The newly developed IUCN Red List of Ecosystems is part of a growing toolbox for assessing risks to biodiversity, which addresses ecosystems and their functioning. The Red List of Ecosystems standard allows systematic assessment of all freshwater, marine, terrestrial and subterranean ecosystem types in terms of their global risk of collapse. In addition, the Red List of Ecosystems categories and criteria provide a technical base for assessments of ecosystem status at the regional, national, or subnational level. While the Red List of Ecosystems criteria were designed to be widely applicable by scientists and practitioners, guidelines are needed to ensure they are implemented in a standardized manner to reduce epistemic uncertainties and allow robust comparisons among ecosystems and over time. We review the intended application of the Red List of Ecosystems assessment process, summarize 'best-practice' methods for ecosystem assessments and outline approaches to ensure operational rigour of assessments. The Red List of Ecosystems will inform priority setting for ecosystem types worldwide, and strengthen capacity to report on progress towards the Aichi Targets of the Convention on Biological Diversity. When integrated with other IUCN knowledge products, such as the World Database of Protected Areas/Protected Planet, Key Biodiversity Areas and the IUCN Red List of Threatened Species, the Red List of Ecosystems will contribute to providing the most complete global measure of the status of biodiversity yet achieved. © 2015 The Author(s) Published by the Royal Society. All rights reserved. Source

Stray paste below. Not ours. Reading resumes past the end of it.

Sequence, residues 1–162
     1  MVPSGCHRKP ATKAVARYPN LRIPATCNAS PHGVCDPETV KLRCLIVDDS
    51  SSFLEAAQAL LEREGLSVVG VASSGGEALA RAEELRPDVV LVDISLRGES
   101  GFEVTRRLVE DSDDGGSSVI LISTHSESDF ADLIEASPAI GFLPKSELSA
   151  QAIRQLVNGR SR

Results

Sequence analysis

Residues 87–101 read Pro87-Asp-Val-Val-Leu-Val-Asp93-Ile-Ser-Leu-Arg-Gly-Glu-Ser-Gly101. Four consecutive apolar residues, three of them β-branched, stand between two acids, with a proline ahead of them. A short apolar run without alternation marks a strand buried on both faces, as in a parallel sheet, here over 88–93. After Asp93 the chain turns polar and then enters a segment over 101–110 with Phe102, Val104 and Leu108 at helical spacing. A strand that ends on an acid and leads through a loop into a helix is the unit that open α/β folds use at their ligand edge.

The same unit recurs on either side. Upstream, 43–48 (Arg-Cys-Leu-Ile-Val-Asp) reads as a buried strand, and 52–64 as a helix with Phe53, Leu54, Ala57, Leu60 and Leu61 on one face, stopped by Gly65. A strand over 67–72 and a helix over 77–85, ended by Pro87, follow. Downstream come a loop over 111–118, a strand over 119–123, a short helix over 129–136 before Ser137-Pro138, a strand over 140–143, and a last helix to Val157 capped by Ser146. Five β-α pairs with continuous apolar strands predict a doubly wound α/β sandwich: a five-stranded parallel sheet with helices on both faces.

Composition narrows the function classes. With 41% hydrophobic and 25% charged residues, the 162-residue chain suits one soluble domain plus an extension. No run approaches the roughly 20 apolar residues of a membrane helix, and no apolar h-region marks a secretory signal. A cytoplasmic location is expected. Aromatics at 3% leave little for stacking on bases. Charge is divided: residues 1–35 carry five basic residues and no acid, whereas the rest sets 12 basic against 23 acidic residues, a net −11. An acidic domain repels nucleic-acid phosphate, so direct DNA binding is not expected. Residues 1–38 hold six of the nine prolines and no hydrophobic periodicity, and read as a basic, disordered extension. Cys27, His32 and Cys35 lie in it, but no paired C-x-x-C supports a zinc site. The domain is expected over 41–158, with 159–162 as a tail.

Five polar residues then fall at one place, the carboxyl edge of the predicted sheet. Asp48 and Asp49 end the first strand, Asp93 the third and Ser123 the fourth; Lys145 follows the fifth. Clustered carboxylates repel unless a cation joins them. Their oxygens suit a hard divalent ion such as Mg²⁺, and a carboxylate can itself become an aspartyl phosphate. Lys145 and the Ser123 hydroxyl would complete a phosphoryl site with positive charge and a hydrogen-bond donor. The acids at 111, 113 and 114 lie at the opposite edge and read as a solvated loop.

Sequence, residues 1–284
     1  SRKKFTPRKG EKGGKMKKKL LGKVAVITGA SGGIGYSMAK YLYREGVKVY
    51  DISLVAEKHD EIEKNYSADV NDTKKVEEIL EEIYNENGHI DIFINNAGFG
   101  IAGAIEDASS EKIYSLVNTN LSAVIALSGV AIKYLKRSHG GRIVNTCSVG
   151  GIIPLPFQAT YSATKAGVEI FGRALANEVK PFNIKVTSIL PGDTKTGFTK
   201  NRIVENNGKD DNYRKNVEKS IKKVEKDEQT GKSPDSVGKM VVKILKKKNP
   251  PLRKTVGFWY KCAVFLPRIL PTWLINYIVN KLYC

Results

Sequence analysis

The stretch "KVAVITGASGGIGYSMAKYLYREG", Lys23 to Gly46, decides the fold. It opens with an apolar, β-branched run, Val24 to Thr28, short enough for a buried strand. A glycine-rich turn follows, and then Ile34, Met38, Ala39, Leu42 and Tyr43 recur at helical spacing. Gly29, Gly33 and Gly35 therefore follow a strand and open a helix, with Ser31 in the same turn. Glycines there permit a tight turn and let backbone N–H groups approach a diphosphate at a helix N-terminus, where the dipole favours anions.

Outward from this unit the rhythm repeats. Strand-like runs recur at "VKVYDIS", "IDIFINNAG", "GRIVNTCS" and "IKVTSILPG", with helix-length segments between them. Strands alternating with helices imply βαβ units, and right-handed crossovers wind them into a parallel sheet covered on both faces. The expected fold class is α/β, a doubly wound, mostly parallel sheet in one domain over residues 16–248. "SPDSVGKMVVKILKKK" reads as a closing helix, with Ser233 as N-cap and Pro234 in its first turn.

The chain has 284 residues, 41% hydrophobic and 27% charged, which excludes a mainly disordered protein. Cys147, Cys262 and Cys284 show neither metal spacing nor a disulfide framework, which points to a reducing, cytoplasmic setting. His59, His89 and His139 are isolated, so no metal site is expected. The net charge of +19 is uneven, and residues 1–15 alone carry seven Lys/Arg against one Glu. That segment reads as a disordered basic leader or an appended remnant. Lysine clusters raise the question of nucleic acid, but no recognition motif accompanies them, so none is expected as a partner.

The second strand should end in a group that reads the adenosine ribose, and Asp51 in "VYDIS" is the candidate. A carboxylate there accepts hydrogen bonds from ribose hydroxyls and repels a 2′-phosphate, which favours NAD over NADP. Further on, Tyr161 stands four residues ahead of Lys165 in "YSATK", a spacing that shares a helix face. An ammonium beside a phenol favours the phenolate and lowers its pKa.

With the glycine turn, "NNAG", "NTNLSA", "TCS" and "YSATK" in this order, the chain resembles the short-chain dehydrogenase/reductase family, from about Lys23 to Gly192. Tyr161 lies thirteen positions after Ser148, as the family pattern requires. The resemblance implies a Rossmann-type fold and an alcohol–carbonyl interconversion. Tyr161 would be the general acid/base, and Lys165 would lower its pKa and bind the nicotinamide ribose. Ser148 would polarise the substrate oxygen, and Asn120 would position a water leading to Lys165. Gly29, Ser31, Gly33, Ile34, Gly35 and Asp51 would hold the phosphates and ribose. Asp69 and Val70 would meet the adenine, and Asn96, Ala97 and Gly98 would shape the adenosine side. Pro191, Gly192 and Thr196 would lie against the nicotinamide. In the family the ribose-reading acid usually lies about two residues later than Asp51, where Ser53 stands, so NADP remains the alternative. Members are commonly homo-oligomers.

Gilman E.,Hawaii Pacific University | Passfield K.,IUCN Commission on Ecosystem Management | Nakamura K.,Columbia University
Fish and Fisheries | Year: 2014